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Functional Data Structures (uwaterloo.ca)
247 points by signa11 on June 20, 2018 | hide | past | web | favorite | 16 comments

The approach presented here was largely invented by Chris Osaki which isn't mentioned in that set of notes at least not in the first few pages. Here's a link to his dissertation which covers much of the same material. That plus more can be found in his book under the name Purely Functional Data Structures. https://www.cs.cmu.edu/~rwh/theses/okasaki.pdf

Okasaki is mentioned in the previous section.

Glad to hear it!

In case anyone wonders what a flanery is: https://cs.uwaterloo.ca/~plragde/flaneries/

That's not a very informative definition, and it's inaccurate. See https://en.wikipedia.org/wiki/Flâneur for the relevant idea.

ah yes the _classic_ ! i was kind of pleasantly surprised to see 'pragmatically' functional OCaml used for exposition, and thought of posting here for more insightful discussion :)

Purely functional data structures for OCaml, translated from Chris Okasaki's book "Purely Functional Data Structures":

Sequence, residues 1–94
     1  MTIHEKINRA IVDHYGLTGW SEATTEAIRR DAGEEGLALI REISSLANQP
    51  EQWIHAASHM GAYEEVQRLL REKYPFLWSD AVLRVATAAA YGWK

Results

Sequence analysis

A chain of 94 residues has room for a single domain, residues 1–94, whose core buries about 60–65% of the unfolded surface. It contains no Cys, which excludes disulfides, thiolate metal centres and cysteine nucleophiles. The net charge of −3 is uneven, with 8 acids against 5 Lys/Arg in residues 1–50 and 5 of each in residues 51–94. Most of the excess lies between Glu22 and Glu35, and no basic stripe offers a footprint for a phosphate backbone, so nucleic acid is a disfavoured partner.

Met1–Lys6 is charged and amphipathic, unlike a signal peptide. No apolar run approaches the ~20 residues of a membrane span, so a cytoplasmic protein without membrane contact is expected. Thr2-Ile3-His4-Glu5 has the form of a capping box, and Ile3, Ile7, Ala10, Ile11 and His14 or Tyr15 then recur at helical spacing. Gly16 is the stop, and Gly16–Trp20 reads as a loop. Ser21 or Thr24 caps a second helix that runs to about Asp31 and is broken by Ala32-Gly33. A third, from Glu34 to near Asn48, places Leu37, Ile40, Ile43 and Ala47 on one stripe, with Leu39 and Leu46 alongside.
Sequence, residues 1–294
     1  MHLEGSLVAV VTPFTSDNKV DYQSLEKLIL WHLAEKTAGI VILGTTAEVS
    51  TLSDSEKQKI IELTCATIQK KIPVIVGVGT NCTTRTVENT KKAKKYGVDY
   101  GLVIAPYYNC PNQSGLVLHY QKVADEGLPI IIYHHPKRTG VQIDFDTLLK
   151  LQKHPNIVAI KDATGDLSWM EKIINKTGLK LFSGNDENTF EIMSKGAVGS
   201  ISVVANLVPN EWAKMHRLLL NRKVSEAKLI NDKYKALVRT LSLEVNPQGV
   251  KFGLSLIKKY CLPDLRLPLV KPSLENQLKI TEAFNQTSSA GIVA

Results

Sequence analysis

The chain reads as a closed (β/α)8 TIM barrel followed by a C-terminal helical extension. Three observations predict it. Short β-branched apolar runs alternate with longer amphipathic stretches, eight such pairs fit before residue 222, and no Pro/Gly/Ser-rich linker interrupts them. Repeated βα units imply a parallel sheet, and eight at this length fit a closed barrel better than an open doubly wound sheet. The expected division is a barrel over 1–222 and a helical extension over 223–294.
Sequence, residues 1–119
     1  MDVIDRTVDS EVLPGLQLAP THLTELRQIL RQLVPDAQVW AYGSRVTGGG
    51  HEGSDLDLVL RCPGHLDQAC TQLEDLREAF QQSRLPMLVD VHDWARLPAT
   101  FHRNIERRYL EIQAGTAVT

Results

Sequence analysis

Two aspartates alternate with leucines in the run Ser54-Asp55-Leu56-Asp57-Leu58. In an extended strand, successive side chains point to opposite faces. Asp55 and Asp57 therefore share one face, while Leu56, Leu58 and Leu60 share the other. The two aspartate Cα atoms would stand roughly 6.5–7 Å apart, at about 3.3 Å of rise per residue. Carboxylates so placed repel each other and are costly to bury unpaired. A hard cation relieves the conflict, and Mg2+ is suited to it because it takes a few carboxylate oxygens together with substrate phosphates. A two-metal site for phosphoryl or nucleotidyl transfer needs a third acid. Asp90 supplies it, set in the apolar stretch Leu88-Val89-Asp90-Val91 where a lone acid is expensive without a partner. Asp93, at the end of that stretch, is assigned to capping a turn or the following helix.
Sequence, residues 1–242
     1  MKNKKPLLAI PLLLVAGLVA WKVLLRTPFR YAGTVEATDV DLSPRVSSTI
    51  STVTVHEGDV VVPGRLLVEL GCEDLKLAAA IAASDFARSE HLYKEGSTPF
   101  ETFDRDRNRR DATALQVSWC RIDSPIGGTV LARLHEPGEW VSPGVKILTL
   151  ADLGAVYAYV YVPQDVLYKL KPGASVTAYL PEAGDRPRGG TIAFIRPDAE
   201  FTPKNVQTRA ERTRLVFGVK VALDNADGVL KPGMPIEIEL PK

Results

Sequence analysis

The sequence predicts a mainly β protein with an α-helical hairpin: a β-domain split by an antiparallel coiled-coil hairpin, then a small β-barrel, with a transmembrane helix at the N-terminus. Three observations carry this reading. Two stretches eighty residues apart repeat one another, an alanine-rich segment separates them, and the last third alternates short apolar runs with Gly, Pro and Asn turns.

Great to see OCaml featured here. Such a neat little language, combining functional programming with a healthy pragmatism in supporting imperative constructs with no fuss.

What tool is used to generate html books like this?

I know you found an exact answer, but I thought I’d give an alternative. You could do this or something similar with pandoc [1] and a make file. I tend to write my files in markdown run a makefile that concatenates them and converts them with pandoc to pdf, html, or docx.

[1]: http://pandoc.org

It's Scribble, Racket's documentation tool.

IMO every programming language should have a web templating tool for code to documentation generation.

IMO every programming language definition should also define how documentation strings are associated to syntactical constructs and how they can be accessed programmatically.

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